Home Offices and
Who can claim them?
Claiming home office expenses isn’t always as straightforward as you’ve been led to believe. Understanding who gets to claim them for tax purposes requires knowledge of your business, tax designations, and how these deductions work. Here’s what you need to know.
- The home office deduction is available to owners of a sole-proprietorship or partners of an entity that files a Form 1065 for a general partnership or LLC.
- For owners, the deduction is claimed on Schedule C for the business (using Form 8829 if applicable).
- For partners, the deduction is claimed as an “unreimbursed partner expense (UPE)” on the owner’s Form 1040, using Schedule E (and Form 8829 if applicable).
- S corporation and C corporation owners can’t take the home office deduction on their 1040s, since they are employees and employee business expenses are no longer deductible (since 2018). The corporation needs to reimburse the owners for any owner expenses, including home office.
What Qualifies as a home office expense?
The home office space needs to be used solely as an office – so if there is a desk in a bedroom, only the desk area qualifies for this deduction. You can’t claim a home office deduction if your business pays you rent for the space.
The office space must be used regularly (on a continuing basis) and exclusively (the space is used for business purposes only):
- As the principal place of business
- As a place to meet with clients
- In connection with the business if it is a separate structure
What’s the deduction limit for home office expenses?
First, the business portion of mortgage interest, property taxes, and casualty losses is deducted without any limitations. Then, the deduction of the business portion of other home operating costs (such as insurance, utilities, etc.) is limited to the business’s net income less the deduction for the fully allowed mortgage interest, taxes, and casualty losses allowed first. Disallowed deductions carry forward to the following year.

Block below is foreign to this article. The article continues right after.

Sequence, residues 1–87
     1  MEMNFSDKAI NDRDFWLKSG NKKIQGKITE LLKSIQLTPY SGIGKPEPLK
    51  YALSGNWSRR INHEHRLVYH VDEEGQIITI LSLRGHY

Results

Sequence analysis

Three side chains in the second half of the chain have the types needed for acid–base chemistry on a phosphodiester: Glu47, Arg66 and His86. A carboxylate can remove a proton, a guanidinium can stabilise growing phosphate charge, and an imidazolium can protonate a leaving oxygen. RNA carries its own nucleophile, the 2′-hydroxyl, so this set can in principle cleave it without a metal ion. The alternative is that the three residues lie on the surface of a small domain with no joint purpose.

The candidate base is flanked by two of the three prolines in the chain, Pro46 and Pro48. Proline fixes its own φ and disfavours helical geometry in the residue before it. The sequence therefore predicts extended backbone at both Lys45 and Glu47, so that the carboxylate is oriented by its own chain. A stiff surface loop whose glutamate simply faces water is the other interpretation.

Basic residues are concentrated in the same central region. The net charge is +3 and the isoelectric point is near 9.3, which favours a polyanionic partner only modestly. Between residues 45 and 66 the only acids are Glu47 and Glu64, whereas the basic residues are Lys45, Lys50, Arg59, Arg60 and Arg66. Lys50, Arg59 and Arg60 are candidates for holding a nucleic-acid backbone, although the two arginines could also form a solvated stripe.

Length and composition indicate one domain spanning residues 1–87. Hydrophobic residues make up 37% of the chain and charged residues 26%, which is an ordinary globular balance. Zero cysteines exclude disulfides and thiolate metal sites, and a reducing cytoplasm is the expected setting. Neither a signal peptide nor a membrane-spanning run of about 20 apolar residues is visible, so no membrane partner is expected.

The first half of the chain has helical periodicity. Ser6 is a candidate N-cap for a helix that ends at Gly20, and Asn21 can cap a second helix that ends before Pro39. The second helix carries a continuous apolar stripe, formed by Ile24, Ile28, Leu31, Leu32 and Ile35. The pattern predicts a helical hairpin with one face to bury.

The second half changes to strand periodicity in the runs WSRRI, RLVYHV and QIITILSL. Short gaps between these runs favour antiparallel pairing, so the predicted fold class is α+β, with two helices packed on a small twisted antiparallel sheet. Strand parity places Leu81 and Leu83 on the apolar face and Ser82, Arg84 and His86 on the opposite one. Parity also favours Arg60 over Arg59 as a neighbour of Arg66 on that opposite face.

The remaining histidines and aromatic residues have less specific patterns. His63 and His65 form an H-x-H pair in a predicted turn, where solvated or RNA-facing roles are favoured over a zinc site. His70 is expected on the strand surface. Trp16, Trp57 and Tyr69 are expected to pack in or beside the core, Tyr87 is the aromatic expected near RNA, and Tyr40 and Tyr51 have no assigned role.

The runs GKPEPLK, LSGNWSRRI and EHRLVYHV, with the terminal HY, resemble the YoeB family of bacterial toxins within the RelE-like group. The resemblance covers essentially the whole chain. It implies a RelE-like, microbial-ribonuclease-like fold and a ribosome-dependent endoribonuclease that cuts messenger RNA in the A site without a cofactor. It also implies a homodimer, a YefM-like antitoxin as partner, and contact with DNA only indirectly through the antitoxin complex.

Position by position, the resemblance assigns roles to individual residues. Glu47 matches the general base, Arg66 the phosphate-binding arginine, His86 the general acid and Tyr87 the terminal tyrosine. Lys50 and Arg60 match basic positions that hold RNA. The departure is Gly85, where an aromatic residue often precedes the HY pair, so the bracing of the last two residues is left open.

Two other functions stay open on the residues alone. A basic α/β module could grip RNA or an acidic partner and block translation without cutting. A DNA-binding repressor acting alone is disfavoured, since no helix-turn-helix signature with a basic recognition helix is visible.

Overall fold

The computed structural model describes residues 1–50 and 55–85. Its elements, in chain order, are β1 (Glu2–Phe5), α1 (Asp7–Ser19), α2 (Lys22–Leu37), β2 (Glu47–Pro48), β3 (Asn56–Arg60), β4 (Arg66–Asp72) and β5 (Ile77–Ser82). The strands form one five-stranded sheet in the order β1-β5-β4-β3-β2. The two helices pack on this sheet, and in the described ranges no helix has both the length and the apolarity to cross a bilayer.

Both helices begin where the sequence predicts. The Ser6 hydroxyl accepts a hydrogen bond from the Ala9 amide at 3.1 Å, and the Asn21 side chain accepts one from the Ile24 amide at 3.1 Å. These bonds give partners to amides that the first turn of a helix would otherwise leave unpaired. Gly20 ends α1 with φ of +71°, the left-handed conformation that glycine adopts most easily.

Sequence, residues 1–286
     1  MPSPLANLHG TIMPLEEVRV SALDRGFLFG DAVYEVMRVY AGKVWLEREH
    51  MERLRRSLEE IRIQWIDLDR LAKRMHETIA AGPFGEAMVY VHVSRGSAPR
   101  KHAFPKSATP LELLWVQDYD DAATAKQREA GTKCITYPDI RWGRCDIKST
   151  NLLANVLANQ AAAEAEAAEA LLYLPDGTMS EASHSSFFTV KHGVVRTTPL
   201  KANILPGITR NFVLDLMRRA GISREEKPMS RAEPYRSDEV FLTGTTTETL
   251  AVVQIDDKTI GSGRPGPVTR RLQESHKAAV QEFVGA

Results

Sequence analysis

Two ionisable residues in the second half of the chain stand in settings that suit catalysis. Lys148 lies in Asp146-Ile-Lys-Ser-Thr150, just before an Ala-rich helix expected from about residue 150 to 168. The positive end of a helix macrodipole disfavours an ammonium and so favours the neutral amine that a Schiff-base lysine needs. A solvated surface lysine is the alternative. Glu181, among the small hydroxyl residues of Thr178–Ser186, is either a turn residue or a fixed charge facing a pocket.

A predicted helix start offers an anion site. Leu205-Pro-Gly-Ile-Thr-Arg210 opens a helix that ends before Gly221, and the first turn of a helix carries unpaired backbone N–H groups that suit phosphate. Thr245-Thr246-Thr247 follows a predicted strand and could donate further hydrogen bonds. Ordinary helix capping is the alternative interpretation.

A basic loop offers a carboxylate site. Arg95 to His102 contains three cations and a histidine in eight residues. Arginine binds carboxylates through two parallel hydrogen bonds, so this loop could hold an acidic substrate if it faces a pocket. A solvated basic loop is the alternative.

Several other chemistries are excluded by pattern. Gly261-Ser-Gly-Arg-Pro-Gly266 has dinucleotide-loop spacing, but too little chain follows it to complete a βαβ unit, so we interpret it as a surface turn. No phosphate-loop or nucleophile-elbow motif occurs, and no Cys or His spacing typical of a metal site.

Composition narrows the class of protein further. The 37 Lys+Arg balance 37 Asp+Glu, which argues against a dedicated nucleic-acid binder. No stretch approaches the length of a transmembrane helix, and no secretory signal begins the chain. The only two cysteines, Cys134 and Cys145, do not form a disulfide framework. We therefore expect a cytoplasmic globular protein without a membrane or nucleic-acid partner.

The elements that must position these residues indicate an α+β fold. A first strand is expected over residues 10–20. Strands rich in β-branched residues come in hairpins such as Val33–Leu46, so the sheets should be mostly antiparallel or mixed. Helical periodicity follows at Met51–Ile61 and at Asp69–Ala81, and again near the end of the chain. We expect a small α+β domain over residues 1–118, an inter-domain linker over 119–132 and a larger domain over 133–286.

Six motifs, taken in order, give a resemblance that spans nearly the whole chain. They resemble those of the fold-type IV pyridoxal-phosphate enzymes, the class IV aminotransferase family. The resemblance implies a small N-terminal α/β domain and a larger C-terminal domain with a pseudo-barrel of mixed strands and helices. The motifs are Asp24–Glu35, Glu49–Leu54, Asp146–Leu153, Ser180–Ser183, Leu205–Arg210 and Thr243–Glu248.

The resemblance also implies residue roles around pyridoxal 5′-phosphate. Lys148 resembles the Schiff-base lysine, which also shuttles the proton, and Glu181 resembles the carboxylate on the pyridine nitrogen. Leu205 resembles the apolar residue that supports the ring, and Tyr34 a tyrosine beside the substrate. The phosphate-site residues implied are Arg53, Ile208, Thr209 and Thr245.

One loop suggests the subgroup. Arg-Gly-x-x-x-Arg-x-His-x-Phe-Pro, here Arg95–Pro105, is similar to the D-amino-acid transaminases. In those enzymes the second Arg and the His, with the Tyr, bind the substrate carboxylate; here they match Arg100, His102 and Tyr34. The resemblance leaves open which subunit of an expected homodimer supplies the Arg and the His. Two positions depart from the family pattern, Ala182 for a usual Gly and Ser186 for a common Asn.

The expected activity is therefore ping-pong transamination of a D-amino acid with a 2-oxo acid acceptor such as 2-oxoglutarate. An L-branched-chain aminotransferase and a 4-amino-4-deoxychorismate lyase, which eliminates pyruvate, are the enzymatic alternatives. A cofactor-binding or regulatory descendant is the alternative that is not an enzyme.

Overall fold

This means the mortgage interest, property taxes and casualty loss deductions can create a net loss for the business, but the other deductions cannot create a net loss.
Using the actual expenses method for home office expenses
A simpler method for calculating home office expenses
Calculating actual expenses for a home office can be time-consuming, for a relatively small deduction. It can also result in a taxable event when the home is sold. There is a simplified method available, where the deduction equals $5 per square foot for the office space (up to 300 square feet). This is often the preferred way to claim the home office deduction.
- The same criteria apply.
- Mortgage interest and property taxes are claimed 100% on Schedule A, instead of a proration.
- No depreciation is claimed.
- Form 8829 is not used.
- No carryforward is allowed.
Other Partner expenses
How to recordkeep home office expenses
Please provide totals by category to your tax manager for any out-of-pocket expenses. You will want to maintain receipts for your records in case of audit, but your totals are fine for our purposes. Common categories are (not an exclusive list):
- Total business miles driven (also need total miles driven) – consider a mileage tracking app, such as Mile IQ
- Total business meals (while traveling or for business meetings) and travel costs
- Total phone expenses (and business percentage to be applied)
- Total internet costs (and business percentage to be applied)
- Total office supplies, dues paid or subscriptions purchased
Still have questions?
Feel free to reach out if you are unsure about what we need to maximize your business deductions, or if you have any questions regarding home office and other deductions!